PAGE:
Fyodor Lukyanov is Editor-in-Chief of the Russia in Global Affairs journal – the most authoritative source of expertise on Russian foreign policy and global developments. He is also a frequent commentator on international affairs and contributes to various media in the United States, Europe and China, including academic journals Social Research, Europe-Asia Studies, Columbia Journal of International Affairs. Mr. Lukyanov is a senior member of the Council on Foreign and Defense Policy and a member of the Presidential Council on Human Rights and Civic Society Institutions. He holds a degree from Moscow State University.
The 11th meeting of the Valdai International Discussion Club is underway in Sochi. Scholars of international studies and experts from around the world gather for this annual event to discuss global politics and Russia’s place in it.
The Valdai forum has been held amid many tragedies and cataclysms. Its first meeting, in Novgorod in September 2004, was held when terrorists took a whole school hostage in Beslan, North Ossetia, and forum participants took turns to go out to listen to the news. In 2008, the club met in Rostov several weeks after a five-day war with Georgia, which added fuel to discussions between Russian and Western experts, with delegates from Eurasia acting as unwitting intermediaries. But the 11th meeting will likely be the most heated so far, as can be seen from its theme, The World Order: New Rules or No Rules?
Much has been said about the ongoing decline of the world order, or rather the system of relations that has not stabilized since the end of the Cold War. The Valdai experts have discussed this issue before, but exchanging reproaches is not done in the international professional community. They tend to discard the shallow view and attempt to look for in-depth reasons behind events.
Economic globalization has not eradicated geopolitical rivalry.
Interstate contradictions remain, because economic globalization has not cancelled geopolitical rivalry. Another major cause of conflicts is internal instability, or rather, these two elements are interconnected and this interconnection produces a resonance effect, especially in the countries that are on the crossroads of geopolitical, cultural and historical traditions.
All governments without exception have to operate in a much more aggressive and unpredictable environment today. This includes their complete transparency amid a variety of threats, from crime and the omnipotence of financial markets to information influence and cultural convergence. All governments find it increasingly difficult to control the developments in their territories. Their responsibility to the public to prevent tremors is growing, while their ability to control events is decreasing.
The state as an institution has a problem. Pressured by the global environment, it is trying to expand its ability to control cross-border processes. At the same time, the public, primarily in prosperous countries, wants the state to protect it, in the broad meaning of the word, which includes maintaining their customary living standards and prosperity. But both of these variables are endangered: for the first time since WWII, a generation has grown up in Europe that knows that it will be worse off than their parents.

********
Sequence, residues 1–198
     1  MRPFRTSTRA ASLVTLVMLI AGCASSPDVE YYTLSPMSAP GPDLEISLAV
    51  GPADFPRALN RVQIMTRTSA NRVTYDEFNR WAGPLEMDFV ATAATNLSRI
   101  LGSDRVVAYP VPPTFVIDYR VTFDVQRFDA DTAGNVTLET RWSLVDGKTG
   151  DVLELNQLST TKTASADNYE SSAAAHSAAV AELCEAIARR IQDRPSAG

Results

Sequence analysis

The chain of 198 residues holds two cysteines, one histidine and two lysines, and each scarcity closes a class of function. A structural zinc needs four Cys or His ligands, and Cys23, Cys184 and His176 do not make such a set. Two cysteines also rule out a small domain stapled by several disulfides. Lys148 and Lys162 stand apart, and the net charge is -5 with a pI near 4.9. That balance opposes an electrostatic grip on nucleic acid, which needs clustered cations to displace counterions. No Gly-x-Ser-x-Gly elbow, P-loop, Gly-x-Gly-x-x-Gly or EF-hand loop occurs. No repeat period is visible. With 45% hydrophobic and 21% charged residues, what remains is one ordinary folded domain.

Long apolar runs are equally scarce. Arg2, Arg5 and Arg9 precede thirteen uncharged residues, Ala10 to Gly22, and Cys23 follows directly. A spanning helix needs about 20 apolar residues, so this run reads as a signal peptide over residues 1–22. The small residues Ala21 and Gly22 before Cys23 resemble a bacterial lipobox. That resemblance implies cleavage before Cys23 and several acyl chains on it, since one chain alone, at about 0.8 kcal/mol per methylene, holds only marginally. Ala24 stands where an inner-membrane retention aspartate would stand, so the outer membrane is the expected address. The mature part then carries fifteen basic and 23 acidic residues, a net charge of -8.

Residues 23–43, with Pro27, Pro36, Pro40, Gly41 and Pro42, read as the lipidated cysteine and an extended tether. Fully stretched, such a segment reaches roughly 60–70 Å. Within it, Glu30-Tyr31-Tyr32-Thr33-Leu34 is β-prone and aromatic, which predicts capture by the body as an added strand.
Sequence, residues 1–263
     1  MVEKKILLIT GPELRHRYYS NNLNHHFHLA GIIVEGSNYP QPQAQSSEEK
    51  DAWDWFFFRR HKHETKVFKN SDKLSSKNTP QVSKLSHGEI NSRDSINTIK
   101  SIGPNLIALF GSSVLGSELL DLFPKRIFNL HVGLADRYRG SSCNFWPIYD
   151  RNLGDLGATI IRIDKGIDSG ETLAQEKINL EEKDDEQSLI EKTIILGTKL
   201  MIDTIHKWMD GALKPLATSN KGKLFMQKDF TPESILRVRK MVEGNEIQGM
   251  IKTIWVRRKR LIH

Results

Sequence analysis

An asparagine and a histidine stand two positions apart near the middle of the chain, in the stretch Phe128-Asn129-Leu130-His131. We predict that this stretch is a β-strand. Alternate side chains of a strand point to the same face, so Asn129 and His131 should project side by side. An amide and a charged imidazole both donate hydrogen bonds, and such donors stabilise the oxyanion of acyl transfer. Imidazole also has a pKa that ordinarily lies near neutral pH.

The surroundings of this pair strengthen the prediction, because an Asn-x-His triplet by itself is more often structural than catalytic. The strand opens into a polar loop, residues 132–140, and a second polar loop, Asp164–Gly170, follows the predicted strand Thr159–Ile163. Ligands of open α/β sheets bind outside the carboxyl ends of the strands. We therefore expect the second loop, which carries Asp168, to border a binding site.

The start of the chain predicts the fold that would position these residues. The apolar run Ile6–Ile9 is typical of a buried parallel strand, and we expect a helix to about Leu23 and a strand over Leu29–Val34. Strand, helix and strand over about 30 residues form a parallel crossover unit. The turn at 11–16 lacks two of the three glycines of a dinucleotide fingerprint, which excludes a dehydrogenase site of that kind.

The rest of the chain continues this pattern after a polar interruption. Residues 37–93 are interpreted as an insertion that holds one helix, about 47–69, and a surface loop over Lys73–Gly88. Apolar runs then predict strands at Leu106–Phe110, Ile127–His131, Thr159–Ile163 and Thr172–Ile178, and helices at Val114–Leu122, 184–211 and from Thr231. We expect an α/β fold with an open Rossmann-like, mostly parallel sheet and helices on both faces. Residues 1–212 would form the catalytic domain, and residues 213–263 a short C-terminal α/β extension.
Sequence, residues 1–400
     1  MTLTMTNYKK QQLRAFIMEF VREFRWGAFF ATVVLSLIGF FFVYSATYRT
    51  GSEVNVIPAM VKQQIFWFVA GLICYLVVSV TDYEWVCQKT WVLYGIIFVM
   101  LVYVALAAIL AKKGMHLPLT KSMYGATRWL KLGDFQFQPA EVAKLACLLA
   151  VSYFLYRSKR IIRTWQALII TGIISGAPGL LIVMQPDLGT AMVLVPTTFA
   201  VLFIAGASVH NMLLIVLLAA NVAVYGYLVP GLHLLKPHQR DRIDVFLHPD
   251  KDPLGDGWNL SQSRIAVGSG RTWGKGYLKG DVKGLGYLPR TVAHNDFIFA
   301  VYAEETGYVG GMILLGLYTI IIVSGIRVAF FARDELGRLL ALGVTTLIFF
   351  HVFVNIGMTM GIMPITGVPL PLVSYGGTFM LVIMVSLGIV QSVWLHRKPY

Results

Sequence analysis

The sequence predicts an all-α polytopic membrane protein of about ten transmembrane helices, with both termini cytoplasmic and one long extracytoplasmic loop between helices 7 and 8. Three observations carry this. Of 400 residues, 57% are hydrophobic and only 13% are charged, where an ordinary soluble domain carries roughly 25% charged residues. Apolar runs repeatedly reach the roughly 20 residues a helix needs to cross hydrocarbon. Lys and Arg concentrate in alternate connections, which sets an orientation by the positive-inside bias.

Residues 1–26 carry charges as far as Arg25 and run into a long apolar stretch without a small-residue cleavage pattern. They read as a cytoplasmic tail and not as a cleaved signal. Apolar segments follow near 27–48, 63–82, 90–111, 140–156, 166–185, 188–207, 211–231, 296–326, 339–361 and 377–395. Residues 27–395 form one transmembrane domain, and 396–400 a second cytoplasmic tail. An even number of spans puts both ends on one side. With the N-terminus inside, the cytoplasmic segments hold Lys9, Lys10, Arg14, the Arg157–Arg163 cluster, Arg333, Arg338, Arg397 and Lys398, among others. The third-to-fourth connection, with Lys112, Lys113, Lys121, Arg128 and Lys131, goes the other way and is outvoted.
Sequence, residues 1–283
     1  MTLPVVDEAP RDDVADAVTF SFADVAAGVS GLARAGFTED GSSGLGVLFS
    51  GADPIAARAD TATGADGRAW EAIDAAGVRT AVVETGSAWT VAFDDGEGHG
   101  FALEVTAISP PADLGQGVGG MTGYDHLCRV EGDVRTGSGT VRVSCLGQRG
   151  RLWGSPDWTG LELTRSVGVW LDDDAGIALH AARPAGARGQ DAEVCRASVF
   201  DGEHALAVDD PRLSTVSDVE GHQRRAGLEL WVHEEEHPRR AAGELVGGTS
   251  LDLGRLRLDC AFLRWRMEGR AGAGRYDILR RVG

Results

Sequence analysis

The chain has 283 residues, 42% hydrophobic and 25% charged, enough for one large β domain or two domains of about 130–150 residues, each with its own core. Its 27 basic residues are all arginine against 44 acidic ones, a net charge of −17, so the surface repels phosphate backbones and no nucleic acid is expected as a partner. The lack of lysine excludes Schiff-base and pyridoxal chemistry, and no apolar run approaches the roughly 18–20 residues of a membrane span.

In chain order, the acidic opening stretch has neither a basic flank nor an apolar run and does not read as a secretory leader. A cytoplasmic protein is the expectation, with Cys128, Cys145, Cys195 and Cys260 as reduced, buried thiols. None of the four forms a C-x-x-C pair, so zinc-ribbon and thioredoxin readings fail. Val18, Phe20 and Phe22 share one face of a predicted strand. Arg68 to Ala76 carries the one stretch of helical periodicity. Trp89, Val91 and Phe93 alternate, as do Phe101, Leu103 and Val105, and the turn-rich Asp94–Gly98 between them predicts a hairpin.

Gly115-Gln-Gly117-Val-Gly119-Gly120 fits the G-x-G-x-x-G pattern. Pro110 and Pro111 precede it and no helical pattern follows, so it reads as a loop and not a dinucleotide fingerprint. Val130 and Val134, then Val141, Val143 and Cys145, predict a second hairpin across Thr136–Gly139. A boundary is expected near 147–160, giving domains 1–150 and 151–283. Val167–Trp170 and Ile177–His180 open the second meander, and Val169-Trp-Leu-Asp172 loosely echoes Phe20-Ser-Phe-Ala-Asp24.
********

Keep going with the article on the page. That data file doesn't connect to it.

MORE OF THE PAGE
In the mid- and the second half of the 2000s, many scholars and politicians predicted the beginning of a new leftwing renaissance, a departure from the vices of the neoliberal economic model amid growing public discontent with the ideological monopoly that was spread around after the Cold War. Some extremely aggressive anti- and alter-globalist popular movements, which appeared in the early 2000s, seemed to be a harbinger of this change.
In fact, this is not what was happening. The classical dirigiste approach, under which the economy is strictly controlled (directed) by the state, has not become popular. The leftwing movements have not produced a practical alternative, but instead focused on criticizing the omnipotence of the free market. No one is disputing this anti-globalist approach, but no one has proposed a way to deal with market omnipotence either.
A demand for a more active role by the state is countered by the growing mistrust of the public. Falling trust in the free market does not automatically increase trust in the state as the governing body. On the contrary, people around the world are becoming disappointed by the inability of the ruling class to deal with their problems. They see that governments are fighting for their trust and broader powers only to be able to carry on the same policy and as a way to increase pressure on the public.
Falling trust in the free market does not automatically increase trust in the state.
A contradiction between the growing demand for the quality of state governance and the need for the state to maintain control of society engenders internal tension. Nearly all existing models of political organization in society are eroding. When this happens in a troubled country, or a country with underdeveloped institutions, the system collapses uncontrollably, which creates a vortex into which external forces are drawn.
The Arab Spring and the crisis in Ukraine have cast a bright light on the international community’s attitude toward internal shakeups and regime changes in sovereign states. These collisions, along with territorial conflicts, will likely become the main cause behind a chain of shocks that will accompany the creation of a polycentric world.
This issue is on the agenda of the Valdai Club meeting this week. See you in a week with a commentary on the results of these discussions.